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Farmers and ranchers: America's first conservationists

Monday, February 7, 2011

Farmers and ranchers remain our nation's first conservationists. Nebraska's farmers and ranchers recognize the responsibility of good stewardship toward their land. However, they understand conservation not only applies to protecting their land, but to the animals in their care. Farmers and ranchers know producing safe, high quality foods requires careful and well-reasoned livestock practices. Because their livelihood depends on cultivating crops and livestock to develop our nation and feed the world, the success of any operation is tied directly to land quality and livestock well-being.

Livestock and poultry organizations already have adopted codes of conduct out of commonsense concern for animal well-being and food safety. However, restrictive and onerous government regulation, like the Environmental Protection Agency's decision to regulate methane under the Clean Air Act, adds cost, reduces efficiency, and puts another hurdle in front of farmers and ranchers. The burden of doing business forces small producers into tough decisions and associated costs are passed along to the consumer.

Modern animal agriculture is not an accident, and we must preserve sound, science-based animal husbandry practices. Improved housing, updated handling practices, and modernized health and nutrition products are the result of generations of investment and research into raising high quality animals.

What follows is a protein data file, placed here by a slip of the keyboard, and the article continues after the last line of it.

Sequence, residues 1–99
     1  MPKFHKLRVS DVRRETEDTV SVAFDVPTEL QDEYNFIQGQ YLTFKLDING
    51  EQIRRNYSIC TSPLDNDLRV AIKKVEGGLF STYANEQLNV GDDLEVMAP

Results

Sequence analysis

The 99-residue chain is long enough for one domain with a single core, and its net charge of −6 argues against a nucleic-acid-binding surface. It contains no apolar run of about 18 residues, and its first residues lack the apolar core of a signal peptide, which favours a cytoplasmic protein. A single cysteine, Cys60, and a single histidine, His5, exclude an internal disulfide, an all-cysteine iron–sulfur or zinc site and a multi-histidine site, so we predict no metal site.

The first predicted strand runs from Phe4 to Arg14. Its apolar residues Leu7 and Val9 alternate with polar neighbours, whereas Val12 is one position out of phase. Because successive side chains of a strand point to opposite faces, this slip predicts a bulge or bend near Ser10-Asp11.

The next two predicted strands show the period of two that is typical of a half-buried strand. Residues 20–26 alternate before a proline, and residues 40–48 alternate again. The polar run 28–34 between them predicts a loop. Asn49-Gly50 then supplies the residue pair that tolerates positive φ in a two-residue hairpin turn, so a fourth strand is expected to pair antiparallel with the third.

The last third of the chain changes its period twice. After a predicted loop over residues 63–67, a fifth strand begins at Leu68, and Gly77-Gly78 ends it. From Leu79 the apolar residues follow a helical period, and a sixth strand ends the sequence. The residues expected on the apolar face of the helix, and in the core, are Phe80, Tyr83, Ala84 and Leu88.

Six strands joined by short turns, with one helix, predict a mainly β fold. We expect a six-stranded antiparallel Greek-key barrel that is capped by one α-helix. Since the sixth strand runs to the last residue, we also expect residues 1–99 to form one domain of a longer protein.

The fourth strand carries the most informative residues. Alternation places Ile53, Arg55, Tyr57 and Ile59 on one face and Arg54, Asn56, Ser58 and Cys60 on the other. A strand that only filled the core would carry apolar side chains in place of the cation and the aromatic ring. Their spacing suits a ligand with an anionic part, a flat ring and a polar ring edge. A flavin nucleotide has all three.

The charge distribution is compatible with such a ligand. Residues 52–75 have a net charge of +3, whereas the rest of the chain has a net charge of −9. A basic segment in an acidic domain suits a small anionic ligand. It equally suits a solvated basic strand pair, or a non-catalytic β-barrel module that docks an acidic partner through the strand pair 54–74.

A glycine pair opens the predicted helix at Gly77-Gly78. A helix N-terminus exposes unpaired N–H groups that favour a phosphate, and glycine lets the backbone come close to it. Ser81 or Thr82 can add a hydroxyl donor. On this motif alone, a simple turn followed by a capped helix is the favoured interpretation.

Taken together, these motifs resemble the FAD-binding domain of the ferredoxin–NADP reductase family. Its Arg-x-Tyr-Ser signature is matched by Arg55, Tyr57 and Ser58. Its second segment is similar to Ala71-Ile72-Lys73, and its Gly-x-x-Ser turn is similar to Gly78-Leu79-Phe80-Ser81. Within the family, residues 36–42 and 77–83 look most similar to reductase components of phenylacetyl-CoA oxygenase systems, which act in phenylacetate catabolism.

Let's look at the facts about Nebraska's thriving agricultural sector, which is tremendously important to our economy. In 2009, our state ranked first in commercial red meat production and fourth in cash receipts from all livestock and livestock related products. We currently boast 6.2 million head of cattle, making us second in the nation; and 3.1 million hogs and pigs, placing us sixth. Further, Nebraska's dairy cows produce nearly 1.2 billion pounds of milk annually.

In 2008, the Nebraska livestock industry accounted for 48 percent of the state's total agricultural cash receipts; livestock or poultry operations could be found on 50 percent of Nebraska farms.

I will continue to work to promote practical policies which are not detrimental to our rural way of life and also protect and promote the safety of our nation's livestock.

Every day, Nebraska's farmers and ranchers provide for the needs and welfare of livestock and poultry. It's simple, really: produce high quality products depends on producing high quality, healthy animals.

The landscape of American agriculture continues to evolve, but the concern and care farmers and ranchers show their animals remains unchanged. Our producers continue to demonstrate they are dedicated to providing the highest quality, safest, and most affordable food in the world.

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U.S. Rep. Adrian Smith
Washington Report